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Tuesday, October 21, 2014

New term enters our lexicon: 'Post-Congressional foreign policy'

A new term has entered our lexicon: The 'post-Congressional foreign policy.' It refers to Czar Barack's circumvention of Congressional approval of his termination of sanctions against the Islamic Republic of Iran by calling it a suspension. And he's betting that Congress cannot or will not do anything about it (Hat Tip: Memeorandum). Or about several other breaches of Congressional oversight authority.
Only Congress can permanently lift the sanctions--which it’s unlikely to do even if Democrats hold on to the Senate—but the deal could be structured in such a way that this wouldn’t happen until Iran meets certain internationally verified benchmarks. In other words, it could be years.
It’s not unusual for presidents to look abroad in search of monsters to destroy late in their terms, as they have more authority to conduct foreign as opposed to domestic policy independently of Congress. But even by historical standards, the Obama administration seems to be particularly interested in freezing Congress out.
Given that it’s virtually impossible to get any multilateral treaty ratified by the Senate—some obscure fishing regulations are the exception that proves the rule—the administration’s plan for a long-awaited climate change deal will involve “politically binding” commitments rather than legally binding ones, which Congress would have to approve.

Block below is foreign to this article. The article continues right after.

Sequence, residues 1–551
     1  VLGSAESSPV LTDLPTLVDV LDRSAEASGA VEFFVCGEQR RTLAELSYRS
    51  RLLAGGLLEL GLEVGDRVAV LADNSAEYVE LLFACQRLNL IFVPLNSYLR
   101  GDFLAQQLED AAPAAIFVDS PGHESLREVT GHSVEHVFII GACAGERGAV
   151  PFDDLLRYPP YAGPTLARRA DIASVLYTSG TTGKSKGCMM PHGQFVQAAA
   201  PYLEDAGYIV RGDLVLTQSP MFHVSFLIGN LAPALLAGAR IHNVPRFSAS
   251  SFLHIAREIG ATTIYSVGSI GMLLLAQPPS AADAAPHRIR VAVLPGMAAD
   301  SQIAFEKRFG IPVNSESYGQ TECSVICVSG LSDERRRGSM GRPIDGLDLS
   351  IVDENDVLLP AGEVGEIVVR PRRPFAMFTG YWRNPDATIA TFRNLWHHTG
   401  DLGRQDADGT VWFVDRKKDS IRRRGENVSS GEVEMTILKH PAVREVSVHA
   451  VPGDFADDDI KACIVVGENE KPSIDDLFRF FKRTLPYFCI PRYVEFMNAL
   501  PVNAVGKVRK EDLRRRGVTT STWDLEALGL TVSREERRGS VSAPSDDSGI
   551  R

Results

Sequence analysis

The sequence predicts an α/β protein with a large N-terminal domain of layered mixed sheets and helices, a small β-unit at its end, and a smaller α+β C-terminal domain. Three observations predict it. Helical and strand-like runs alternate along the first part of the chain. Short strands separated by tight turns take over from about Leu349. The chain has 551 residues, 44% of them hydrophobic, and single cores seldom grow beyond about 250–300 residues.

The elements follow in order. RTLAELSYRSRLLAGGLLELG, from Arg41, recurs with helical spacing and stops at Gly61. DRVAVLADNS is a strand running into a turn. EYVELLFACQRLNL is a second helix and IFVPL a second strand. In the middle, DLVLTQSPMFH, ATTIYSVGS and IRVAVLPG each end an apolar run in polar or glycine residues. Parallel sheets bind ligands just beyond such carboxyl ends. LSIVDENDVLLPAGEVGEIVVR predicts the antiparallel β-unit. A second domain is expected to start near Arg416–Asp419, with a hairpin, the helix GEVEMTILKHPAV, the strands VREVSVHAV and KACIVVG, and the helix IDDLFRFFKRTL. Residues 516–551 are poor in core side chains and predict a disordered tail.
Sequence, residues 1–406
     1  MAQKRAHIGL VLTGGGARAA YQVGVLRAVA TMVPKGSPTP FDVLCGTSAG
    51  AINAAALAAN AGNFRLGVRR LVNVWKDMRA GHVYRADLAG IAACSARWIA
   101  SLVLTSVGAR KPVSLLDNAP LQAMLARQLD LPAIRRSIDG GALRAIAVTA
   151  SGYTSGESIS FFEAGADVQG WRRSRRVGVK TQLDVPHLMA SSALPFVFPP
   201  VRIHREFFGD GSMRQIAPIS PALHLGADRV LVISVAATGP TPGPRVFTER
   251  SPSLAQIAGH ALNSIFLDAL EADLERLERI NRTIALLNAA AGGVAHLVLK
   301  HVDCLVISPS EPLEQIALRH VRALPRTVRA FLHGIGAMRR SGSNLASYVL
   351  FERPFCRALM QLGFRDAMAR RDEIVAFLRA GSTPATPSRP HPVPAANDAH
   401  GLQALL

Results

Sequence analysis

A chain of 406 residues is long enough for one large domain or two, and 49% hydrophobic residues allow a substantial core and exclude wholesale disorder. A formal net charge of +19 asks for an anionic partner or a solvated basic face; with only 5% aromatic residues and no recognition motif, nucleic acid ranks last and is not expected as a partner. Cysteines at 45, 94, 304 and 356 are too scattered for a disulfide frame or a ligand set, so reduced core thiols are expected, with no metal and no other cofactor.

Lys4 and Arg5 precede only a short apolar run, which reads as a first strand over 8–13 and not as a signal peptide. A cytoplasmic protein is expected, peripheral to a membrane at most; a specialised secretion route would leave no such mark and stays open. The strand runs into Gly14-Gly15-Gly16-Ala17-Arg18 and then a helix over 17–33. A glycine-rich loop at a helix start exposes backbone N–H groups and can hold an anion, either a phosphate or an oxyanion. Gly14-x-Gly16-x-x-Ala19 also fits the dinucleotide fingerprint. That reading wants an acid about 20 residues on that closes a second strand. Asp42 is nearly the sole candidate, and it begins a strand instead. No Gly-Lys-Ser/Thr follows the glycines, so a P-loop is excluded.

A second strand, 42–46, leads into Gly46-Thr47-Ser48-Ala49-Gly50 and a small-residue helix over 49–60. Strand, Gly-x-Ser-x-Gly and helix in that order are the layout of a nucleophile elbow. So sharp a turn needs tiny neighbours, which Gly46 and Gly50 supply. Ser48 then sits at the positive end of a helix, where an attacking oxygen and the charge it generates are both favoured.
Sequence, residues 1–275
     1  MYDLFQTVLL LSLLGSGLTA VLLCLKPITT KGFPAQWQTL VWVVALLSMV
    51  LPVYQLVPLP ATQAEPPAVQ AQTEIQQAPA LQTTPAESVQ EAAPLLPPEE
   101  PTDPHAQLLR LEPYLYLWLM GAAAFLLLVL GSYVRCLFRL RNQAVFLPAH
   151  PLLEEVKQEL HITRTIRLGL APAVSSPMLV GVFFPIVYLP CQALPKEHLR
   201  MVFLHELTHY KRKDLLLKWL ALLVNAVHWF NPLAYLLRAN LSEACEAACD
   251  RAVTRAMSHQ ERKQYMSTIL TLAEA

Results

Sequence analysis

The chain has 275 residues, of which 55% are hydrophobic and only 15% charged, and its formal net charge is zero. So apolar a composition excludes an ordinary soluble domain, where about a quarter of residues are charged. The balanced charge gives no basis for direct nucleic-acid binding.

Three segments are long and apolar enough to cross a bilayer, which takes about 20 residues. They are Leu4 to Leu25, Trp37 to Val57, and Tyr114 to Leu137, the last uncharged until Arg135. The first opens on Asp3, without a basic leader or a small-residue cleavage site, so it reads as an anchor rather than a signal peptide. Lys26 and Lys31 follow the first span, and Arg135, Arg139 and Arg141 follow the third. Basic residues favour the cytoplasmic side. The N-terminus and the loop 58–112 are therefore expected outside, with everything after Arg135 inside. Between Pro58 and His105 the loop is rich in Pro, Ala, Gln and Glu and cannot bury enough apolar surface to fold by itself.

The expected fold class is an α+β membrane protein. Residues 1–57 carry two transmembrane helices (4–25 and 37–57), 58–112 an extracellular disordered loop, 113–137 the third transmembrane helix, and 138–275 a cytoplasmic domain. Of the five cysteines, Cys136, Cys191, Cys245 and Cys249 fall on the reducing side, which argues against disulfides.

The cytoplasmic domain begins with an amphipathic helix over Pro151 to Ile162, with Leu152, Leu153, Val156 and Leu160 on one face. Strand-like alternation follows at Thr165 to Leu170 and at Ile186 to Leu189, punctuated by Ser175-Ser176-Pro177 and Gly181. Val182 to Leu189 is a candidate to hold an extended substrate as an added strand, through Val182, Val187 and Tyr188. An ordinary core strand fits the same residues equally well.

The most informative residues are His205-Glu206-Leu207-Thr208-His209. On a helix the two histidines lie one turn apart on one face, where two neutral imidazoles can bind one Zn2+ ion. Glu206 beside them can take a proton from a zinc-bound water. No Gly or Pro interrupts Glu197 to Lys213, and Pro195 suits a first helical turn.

In the case of what’s been dubbed “Operation Inherent Resolve,” the campaign of airstrikes to counter ISIS in Iraq and Syria, the administration never sought congressional approval. The 60-day deadline, after which Congress must authorize military action under the War Powers Resolution, has long passed. (Obama did issue a letter to Congress in September informing them of the operation and noting, somewhat vaguely, “I appreciate the support of the Congress in this action.”)
Yale Law professor and constitutional scholar Bruce Ackerman has described the operation against ISIS as “a decisive break in the American constitutional tradition” that outdoes anything attempted by the Bush administration. But interestingly, congressional Republicans who normally jump on any chance to accuse the administration of imperial overreach, have been fairly blasé about these strikes. House Speaker John Boehner says that Congress should debate the use of military force against ISIS but only after the newly elected legislative body convenes in January—a lifetime in terms of a fast-moving military operation like this one.
Read the whole thing.  As Israelis say, maybe there are things that Obama (who was opposed to unilateral Presidential actions in the foreign policy field under Bush) didn't see from there that he sees from here. On the other hand, I am very opposed to any weakening of the Iran sanctions regime....

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